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Missionaries’ costly self-denial is challenge to seminary students

KANSAS CITY, Mo. (BP)–An emotional and unplanned time of invitation was the response of Midwestern Baptist Theological Seminary students to the challenge of Frank Drown, former missionary to the Shuar Indians of Ecuador and friend of the “Auca Five,” when he shared the story of his friendship with the five missionaries killed by Auca Indians on Jan. 8, 1956.
Speaking at a Feb. 9 chapel on the Kansas city campus, Drown challenged the students to become missionaries. “I want to challenge you today,” he said, “give your life — be it life or be it death.”
As a former missionary among the headhunters of Ecuador, Drown knew firsthand the job can be dangerous. “Some people have said that the Auca five were fools, but they spoke more through their death than they would have through 50 years of living.”
Reading from Matthew 16:24-25 the challenge to find one’s life by losing it for Christ, Drown told the inspiring story of his close friend, Nate Saint, who, along with four other young missionaries, was speared to death by the very Indians he wanted to reach for Christ.
Saint, a pilot and friend with whom Drown had worked among the Shuar Indians, felt a heavy burden to share the gospel with the Aucas. Saint, along with Jim Elliot, Pete Fleming, Ed McCully and Roger Youderian, borrowed Drown’s radio for their first meeting with the dangerous Indian tribe. When their plane did not return and it was spotted on a sandy beach, everyone feared the worst. Drown was asked to go to the scene and retrieve the bodies of the missionaries.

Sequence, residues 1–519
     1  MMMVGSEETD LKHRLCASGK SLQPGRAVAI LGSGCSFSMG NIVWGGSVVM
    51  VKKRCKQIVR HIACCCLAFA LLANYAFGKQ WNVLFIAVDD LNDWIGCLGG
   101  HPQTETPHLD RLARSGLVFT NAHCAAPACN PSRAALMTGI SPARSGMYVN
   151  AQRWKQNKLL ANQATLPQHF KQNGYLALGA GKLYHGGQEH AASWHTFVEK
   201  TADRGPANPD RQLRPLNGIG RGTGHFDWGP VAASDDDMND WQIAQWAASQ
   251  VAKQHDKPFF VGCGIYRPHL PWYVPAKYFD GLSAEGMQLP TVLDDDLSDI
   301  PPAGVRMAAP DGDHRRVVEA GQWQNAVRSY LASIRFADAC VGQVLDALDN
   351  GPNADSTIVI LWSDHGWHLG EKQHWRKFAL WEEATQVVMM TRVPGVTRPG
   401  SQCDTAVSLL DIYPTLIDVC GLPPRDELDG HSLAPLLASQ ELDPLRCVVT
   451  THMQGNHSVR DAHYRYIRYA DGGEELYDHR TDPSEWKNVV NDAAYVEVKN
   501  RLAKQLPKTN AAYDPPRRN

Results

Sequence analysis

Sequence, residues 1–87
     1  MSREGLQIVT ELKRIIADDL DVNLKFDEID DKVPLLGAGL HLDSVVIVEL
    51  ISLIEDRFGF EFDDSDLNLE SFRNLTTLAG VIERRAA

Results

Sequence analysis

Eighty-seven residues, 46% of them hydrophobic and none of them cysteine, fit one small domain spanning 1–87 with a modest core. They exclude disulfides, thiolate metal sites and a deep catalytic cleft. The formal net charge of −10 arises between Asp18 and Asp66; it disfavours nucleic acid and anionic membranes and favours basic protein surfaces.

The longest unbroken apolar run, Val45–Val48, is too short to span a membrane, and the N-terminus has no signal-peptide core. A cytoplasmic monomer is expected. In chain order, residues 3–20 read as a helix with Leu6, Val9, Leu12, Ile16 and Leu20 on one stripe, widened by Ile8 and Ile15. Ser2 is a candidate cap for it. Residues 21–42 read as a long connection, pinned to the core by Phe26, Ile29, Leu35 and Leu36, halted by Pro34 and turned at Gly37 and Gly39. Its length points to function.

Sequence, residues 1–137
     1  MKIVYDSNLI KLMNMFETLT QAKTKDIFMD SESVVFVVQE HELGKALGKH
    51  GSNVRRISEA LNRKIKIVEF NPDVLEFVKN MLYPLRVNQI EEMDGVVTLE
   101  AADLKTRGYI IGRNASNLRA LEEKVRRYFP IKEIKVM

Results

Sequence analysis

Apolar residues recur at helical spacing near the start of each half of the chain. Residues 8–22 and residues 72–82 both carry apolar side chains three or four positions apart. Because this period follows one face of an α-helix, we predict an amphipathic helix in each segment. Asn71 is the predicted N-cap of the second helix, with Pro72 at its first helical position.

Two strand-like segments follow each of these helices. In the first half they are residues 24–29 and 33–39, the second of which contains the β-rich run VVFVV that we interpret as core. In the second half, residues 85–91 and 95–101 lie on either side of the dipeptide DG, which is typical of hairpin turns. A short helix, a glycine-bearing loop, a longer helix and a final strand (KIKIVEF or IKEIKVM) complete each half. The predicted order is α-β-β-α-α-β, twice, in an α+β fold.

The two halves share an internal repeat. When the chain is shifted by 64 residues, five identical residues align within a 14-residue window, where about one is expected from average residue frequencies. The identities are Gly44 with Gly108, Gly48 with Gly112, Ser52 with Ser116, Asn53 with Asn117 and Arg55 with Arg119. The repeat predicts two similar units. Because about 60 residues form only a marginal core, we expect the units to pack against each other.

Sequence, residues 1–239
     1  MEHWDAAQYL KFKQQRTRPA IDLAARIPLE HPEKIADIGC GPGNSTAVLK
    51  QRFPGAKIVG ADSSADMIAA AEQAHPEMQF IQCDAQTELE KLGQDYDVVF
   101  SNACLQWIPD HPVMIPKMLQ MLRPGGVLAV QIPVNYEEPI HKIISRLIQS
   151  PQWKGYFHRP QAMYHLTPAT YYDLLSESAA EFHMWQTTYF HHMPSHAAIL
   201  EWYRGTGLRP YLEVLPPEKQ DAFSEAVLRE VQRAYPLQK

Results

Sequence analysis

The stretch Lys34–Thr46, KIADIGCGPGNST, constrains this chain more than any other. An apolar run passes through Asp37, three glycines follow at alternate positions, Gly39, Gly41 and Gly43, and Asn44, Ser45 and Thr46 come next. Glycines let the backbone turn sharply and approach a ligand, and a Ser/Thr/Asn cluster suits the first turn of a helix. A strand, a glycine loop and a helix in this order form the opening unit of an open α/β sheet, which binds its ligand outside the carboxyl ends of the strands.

Drown recalled the details of that January day. He buried the men in a single, large grave. “The clouds came in and it became very dark,” he said. “The soldiers who were supposed to protect us were out in the jungle. They came in because they were so scared. It was just like the day Jesus died when darkness came over the land.”
People learned later that the five men had guns and that Jim Elliot shot his into the air. The Indians asked, “Why didn’t they use the guns? They could have killed us all.” Drown said a missionary replied, “Because you weren’t ready for heaven, but they were.”
People all over the world have heard the story of the courageous missionaries who gave their all for the cause of Christ, Drown said. Their story was told in the book, “Through Gates of Splendor,” by Elisabeth Elliot, wife of one of the five victims.
“Did you know,” Drown asked, “that there are more Christians around the equator of the world than in North America. It is great to see savages turn into saints. It is a miracle of God, and God may want you to be a miracle somewhere in the world.
“It isn’t for us to say where we will go,” Drown continued. “God is our owner, and he will tell us where to go. If you want to bless the world, give them the gospel. That’s what missions is all about.”

Patterson is a newswriter at Midwestern Seminary.

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  • Ingrid O. Patterson